There are more interesting articles, commentaries and analyst reports on the Web every week than anyone could read in a month.
Each Saturday morning I like to share some of the ones I’ve read during the week. Enjoy your weekend….and please forward to your friends by clicking a social link buttons on the left.
Steve Jobs was depressed when the iPad was released
With the new iPhone just released it would be interesting to see how Steve Jobs would have reacted. In the Steve Jobs biography, Walter Isaacson reported:
“The night after his announcement, Jobs was annoyed and depressed.
I got about eight hundred email messages in the last twenty-four hours. Most of them are complaining. There’s no USB cord! There’s no this, no that. Some of them are like, ‘F— you, how can you do that?’
I don’t usually write people back, but I replied, ‘Your parents would be so proud of how you turned out.’ And some don’t like the iPad name, and on and on. I kind of got depressed today. It knocks you back a bit.”
Why politicians won’t abolish negative gearing | Winning auction strategies | Why Sydney’s price growth will moderate | 3 traits of successful investors
Another great Real Estate Talk show produced by Kevin Turner. If you don’t already subscribe to this excellent weekly Internet based radio show.
In this week’s show:
Jennie Brown outlines the 3 main traits she sees in successful investors
Dr Andrew Wilson tells us why he thinks the spectacular property price growth in Sydney of just over 15% in the last 12 months is not likely to continue
Frank Ruffo a top Melbourne agent outlines his auction day strategy to beat the competition and has 3 great tips if you will be bidding this weekend
You should definitely subscribe to this weekly audio program. Click here. It’s free and you can listen on the go on your smartphone, iPad etc.
Is it development costs or land prices causing dwelling prices to rise?
What’s causing our property values to keep rising? In his blog regular Property Update blogger Pete Wargent tackled the question of whether it is escalating land prices which are pushing up dwelling prices, or whether development and construction costs have a role to play too.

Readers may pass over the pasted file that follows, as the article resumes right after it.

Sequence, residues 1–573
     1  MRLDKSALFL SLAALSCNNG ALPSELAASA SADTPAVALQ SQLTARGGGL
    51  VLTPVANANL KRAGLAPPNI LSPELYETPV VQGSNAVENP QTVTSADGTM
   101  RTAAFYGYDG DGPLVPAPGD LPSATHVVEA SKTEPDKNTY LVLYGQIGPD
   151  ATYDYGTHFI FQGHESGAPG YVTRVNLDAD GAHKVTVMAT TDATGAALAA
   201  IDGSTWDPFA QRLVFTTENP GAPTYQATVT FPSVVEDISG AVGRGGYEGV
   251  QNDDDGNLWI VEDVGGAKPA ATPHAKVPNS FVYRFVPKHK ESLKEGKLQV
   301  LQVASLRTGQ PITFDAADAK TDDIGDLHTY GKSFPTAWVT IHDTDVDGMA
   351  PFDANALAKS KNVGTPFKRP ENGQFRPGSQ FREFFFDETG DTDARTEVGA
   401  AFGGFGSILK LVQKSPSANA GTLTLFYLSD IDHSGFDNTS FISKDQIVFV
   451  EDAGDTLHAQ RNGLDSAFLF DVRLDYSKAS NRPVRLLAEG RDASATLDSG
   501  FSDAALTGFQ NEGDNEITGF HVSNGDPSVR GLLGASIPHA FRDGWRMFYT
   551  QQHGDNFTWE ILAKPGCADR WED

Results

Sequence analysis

While clearly, land prices have increased, Pete says an unbiased observer with no barrow to push would surely conclude that it is both.
There can be no contesting this fact. The latest data from the HIA showed that median capital city lot values have increased by approximately 20 percent over the past five years to March 2014 as looked at here, the most recent gains driven largely by a material annual increase of 5.6 percent in Sydney.
Read the rest of his thoughts here.
Foreign property investment under close watch
The debate over foreign property ownership is heating up again as politicians head to China to investigate overseas investment in Australian real estate. Broker new reports that:
Four MPs from the House of Representatives Economics Committee went to China Tuesday as part of an annual political exchange program, according to The Australian.
The trip will also be used to investigate Chinese foreign investment in Australian real estate, amid claims that wealthy Chinese investors are forcing prices up and decreasing housing affordability for locals.
In November 2012, the Significant Investor Scheme (SIV) was launched in Australia, which allows high-net-worth individuals a way to fast-track permanent residence if they invest AUD$5 million into bonds, certain managed funds, or private companies.
This scheme has come under fire recently for allegedly favouring wealthy Chinese investors to snap up property. Nine out of ten SIV applicants are Chinese nationals.
This trip comes amid accusations that Chinese investors are bending the rules when it comes to investing in Australian real estate.
Under current laws, foreign investors are only allowed to purchase new residential dwellings – in a bid to increase Australian housing stock and not push up prices for locals.